Newspaper article The Evening Standard (London, England)

More Blood to Be Spilt by Richards and Quins; as Rugby Chiefs Prepare to Look Yet Again at the Tom Williams' Affair, the Club's Reputation and That of Their Ex-Coach Are in Tatters

Newspaper article The Evening Standard (London, England)

More Blood to Be Spilt by Richards and Quins; as Rugby Chiefs Prepare to Look Yet Again at the Tom Williams' Affair, the Club's Reputation and That of Their Ex-Coach Are in Tatters

Article excerpt

Byline: Alex

TOM WILLIAMS' wounds may not have been real, but the scars left on Harlequins may take years to heal. The club's proud name has been dragged through the mud amid allegations of cheating and the departing Dean Richards, once an England manager in waiting, now sees his reputation in tatters.

Today's anticipated announcement that a European Rugby Cup committee will be looking into the whole "fake-blood" affair again in the next two weeks will cause more disruption to Quins' pre-season plans.

ERC originally slapped Williams with a 12-month ban and fined Harlequins [pounds sterling]215,000 in July for cheating but cleared Richards -- who quit as director of rugby on Saturday -- of any involvement.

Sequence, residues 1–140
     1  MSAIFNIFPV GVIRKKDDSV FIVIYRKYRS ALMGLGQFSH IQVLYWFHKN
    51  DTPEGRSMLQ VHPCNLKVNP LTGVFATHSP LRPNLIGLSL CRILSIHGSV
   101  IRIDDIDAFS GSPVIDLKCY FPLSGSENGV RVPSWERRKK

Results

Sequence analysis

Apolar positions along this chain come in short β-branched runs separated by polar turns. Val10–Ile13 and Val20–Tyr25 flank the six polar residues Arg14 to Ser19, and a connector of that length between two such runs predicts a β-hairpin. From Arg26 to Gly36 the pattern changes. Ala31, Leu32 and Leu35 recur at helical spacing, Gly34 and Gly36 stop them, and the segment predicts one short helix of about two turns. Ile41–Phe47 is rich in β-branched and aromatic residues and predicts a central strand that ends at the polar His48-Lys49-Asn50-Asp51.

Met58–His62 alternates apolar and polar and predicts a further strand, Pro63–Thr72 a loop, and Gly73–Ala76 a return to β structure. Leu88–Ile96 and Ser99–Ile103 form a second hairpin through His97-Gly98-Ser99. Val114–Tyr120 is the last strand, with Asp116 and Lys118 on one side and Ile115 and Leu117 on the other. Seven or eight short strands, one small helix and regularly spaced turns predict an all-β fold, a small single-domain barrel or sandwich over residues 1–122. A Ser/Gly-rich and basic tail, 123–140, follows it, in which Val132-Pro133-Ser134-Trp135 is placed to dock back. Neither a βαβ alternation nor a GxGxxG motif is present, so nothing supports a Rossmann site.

That judgement is now being appealed by the ERC's disciplinary officer Roger O'Connor, who was not happy with the sanctions handed to the club by his own organisation and/or with the dismissal of the cases against Richards, Dr Wendy Chapman (the club doctor) and Steph Brennan (the physio).

Quins chief executive Mark Evans is now in possession of the original ERC ruling and it won't make pretty reading.

Evans had presided over a rugby revolution in south west London. The club had risen from the ashes of relegation to National Division One in 2005 to making into the quarter-finals of the Heineken Cup four years later.

Attendances at the redeveloped Stoop averaged more than 10,000 last season and almost 50,000 watched the encounter with Leicester as Evans successfully moved his team across the A316 to Twickenham for the first of what he hoped would become an annual Christmas fixture at English rugby's HQ.

The clash was labelled the "Big Game", and Evans will now have the biggest of games ahead of him to convince a sceptical public that the Williams incident was a one-off.

Evans, who has kept his counsel since the weekend, will also have to find a coach who can match the giant strides that Richards -- also yet to speak publically about the Williams affair -- made on the pitch. …

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